Hello! My name’s Elly and I run the blog The Magic Square Foundation. Franca asked the Feminist Fashion Bloggers group if we’d like to write a wedding-themed post for her blog while she was on her honeymoon, so here’s my crack at wedding magazines.
Wedding magazines have continually been a source of amusement for me. I gave up reading regular fashion magazines a few years ago, not because of any particular feminist concerns but mostly because I couldn’t afford a Vogue subscription and the editorial was getting worse and worse. I’ve never in my life purchased a wedding magazine – mostly as I’m not married nor have ever been engaged – but a former work colleague used to purchase 3 or so on a weekly basis, which we would then pore over, picking out nice shoes, or cute jewellery, or whatever other ridiculous piece of finery they had documented in that edition.
While I understand why wedding magazines exist (hey, capitalism is the greatest infiltrator) what I don’t understand is why brides-to-be purchase them. At all. Here’s the rundown:
If you’re getting married, I’m assuming it’s because you want to spend the rest of your life with this person/demonstrate the sincerity of your relationship to others/have a big celebration of your love/financial security/UK’s Green Card. That’s fine! In fact, it’s wonderful. I love a wedding. So why does a bride (and I say bride because I have never seen a groom read a wedding magazine nor, in fact, do the magazines contain any real information concerning the groom) want to then purchase what is essentially a glorified catalogue? If it’s just for that, then good: a catalogue of interesting ideas or shops to get things from is brilliant for someone who may well be organising the entire thing themselves. And if it’s just for ideas, then also fine. But as a ‘magazine’ i.e. a publication containing editorial and all sorts of other cultural implications, they’re weird.
There’re aspects of wedding magazines that don’t make sense. One we read at work had a little ‘hot or not’ chart in the first few pages. How can you have a fashionability indicator about weddings? On this indicator, ‘drunk relatives’ was a definite ‘not’. What? Drunk relatives and a big sparkly dress are essentially the only indicators that a wedding is indeed a wedding and not a night out down the local stately home. Articles (hastily put together I imagine) such as, ‘How to have a successful marriage’ including the genuine advice: “Don’t argue over chores like dishes. Buy a dishwasher.” Wedding dresses were grouped in themes of what was fashionable right now, and if there’s one thing that exists outside the logic of time and space, it’s weddings. Having a fashionable wedding, to me, is in a similar madness bracket as having a fashionable birth or, indeed, death.
This isn’t to argue that brides should all be given a standard-issue dress with no variation in personality or design, or that the ceremony itself shouldn’t reflect the couple who are getting married: of course it should and to some extent, their choices before the day will naturally steer it in that direction. But to base a day, on which you will be declaring your love and loyalty to another human being in front of (probably) a huge number of people, on a theme concocted by magazine editors with advertising budgets to fill makes no sense.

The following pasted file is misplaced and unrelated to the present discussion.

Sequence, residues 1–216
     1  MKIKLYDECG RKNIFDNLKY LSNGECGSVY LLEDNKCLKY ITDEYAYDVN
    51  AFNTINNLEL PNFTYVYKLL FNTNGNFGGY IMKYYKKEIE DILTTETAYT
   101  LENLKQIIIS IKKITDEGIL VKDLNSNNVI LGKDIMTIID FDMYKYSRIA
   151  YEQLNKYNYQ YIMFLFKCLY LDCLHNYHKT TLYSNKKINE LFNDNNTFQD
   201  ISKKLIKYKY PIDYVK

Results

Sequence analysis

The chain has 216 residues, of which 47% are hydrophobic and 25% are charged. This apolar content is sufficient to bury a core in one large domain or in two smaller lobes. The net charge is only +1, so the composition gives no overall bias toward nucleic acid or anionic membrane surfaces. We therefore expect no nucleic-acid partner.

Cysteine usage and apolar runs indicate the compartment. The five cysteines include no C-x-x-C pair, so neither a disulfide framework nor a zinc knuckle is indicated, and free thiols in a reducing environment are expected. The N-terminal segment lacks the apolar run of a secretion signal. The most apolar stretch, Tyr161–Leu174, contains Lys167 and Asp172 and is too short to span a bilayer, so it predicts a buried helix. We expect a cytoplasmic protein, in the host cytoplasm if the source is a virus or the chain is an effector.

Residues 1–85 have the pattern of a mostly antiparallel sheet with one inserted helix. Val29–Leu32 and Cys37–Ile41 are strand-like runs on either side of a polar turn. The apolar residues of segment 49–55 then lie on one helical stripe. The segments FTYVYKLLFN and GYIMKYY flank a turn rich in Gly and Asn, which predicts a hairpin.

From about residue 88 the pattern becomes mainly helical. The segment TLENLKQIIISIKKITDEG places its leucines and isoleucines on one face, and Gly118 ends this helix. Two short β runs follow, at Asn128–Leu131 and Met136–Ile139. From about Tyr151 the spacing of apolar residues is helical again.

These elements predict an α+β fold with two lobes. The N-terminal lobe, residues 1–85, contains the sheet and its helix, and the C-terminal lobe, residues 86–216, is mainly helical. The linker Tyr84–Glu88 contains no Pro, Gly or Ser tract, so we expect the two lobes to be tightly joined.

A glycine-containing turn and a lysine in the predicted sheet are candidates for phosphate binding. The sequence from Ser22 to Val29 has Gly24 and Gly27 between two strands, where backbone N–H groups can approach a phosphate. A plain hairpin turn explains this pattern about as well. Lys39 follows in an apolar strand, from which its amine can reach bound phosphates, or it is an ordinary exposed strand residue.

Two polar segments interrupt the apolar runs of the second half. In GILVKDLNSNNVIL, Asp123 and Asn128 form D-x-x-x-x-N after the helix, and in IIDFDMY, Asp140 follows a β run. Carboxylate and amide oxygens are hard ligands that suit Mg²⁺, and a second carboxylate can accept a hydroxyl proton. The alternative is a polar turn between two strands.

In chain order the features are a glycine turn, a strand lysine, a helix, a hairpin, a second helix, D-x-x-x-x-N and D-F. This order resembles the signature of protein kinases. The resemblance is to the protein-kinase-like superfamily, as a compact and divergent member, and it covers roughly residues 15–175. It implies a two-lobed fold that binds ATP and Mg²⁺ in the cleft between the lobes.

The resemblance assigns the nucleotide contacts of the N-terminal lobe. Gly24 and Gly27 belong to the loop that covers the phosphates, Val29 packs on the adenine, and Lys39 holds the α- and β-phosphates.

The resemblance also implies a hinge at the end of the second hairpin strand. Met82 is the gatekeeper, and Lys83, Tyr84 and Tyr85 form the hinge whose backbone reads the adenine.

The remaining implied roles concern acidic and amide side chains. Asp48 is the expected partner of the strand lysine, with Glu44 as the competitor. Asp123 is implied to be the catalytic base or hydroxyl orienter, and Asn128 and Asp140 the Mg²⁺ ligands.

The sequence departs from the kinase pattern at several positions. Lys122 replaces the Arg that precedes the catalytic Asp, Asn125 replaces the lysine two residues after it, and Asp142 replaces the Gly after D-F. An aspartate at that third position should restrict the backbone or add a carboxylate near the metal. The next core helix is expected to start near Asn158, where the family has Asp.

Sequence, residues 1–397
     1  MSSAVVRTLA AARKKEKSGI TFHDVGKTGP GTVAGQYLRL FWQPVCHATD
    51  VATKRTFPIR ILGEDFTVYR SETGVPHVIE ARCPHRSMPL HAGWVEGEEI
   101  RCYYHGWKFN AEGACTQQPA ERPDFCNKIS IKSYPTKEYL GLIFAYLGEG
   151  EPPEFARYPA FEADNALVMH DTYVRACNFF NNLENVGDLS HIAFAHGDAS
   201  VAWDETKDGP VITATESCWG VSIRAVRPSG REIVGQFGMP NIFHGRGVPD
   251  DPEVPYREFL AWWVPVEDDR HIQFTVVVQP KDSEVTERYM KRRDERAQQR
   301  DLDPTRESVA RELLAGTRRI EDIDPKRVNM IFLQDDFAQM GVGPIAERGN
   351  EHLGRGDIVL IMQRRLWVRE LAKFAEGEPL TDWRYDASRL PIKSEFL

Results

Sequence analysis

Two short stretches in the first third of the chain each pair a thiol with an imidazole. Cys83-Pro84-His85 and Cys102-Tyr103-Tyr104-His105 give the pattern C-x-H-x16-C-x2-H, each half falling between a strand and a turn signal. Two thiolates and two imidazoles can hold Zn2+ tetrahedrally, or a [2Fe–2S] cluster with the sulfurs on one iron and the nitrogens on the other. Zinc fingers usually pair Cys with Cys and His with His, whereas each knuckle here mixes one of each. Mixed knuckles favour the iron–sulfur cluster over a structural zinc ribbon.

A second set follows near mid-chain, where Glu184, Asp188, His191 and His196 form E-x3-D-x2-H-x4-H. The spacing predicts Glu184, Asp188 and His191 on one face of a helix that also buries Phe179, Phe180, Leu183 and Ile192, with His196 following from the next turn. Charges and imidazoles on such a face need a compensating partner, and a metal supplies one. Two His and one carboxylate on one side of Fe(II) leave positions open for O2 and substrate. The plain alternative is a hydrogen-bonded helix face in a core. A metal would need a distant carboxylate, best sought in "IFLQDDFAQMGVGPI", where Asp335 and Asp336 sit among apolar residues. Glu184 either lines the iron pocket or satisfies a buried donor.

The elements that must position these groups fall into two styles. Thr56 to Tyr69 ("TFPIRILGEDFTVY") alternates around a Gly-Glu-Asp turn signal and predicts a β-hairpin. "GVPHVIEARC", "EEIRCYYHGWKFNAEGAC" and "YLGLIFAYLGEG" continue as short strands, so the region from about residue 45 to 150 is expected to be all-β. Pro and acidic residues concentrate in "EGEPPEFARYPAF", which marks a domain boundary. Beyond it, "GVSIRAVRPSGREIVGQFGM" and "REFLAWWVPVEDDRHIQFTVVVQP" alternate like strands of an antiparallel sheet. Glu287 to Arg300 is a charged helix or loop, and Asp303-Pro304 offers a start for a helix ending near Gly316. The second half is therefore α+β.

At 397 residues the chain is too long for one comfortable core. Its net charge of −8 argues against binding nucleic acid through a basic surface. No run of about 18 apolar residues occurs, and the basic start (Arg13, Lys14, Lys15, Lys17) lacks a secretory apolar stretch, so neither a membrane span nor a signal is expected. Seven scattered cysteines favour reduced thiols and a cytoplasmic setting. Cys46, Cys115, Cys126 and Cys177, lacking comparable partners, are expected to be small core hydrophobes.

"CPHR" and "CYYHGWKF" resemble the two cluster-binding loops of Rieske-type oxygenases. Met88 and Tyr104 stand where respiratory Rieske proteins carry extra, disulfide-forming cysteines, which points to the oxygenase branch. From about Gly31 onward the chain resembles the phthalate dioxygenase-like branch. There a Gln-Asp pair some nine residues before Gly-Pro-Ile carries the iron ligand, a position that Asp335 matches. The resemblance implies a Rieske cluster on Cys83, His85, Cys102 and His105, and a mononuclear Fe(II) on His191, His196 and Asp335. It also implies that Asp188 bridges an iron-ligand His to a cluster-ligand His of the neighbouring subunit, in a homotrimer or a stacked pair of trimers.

Other very irritating things about wedding magazines include:
* Complete lack of groom involvement. He’s still human, people! He has opinions on stuff!
* Complete lack of non-heterosexual marriages. In all the months I worked with my colleague, all the wedding magazines I gazed at, in not one of them did I see a non-hetero marriage.
* Low level of marriages between people of colour. Not sure if this was intentional, accidental, or a whole other kettle of fish but again, very few marriages between people of colour, or between a person of colour and a white person.
* Contradictory financial advice and pressure. Although most magazines had lengthy articles on saving money on your wedding day, or ways to budget, the cost of some of the items advertising or used in shoots was phenomenal. Sample weddings from readers were also not described financially and so it appears as if you can have a hugely expensive, magical day for peanuts. And it also appears as though weddings can only take place with a gigantic financial outlay. Wrong.
Maybe this is a bride thing. Like I said, I’ve never been in a position to want (or need) to buy a wedding magazine. In fact, my entire position on marriage is something of a conundrum. Perhaps the purchasing of wedding magazines is an entirely normal wedding process in order to aid the bride(s)/groom(s) make some important decisions. Like which napkins to buy. Or is the wedding magazine phenomenon as completely bizarre to those involved with the marriage process as to those outside it? Is it another mechanism of capitalism to try and aestheticise and commodify an apparently sacred institution for the purposes of financial gain? Or am I doing that thing again and should realise they’re just great catalogues of ideas for those who need a hand?
Note from Franca: I never bought a wedding magazines, and the only one I’ve flicked through at the registry office did not inspire me to investigate further. It did seem like a catalogue, of stuff I didn’t want. Life’s too short and money’s too valuable to spend brain time and hundreds of pounds on cut flowers! And I never wanted a proper wedding dress. So yes, I find them weird too!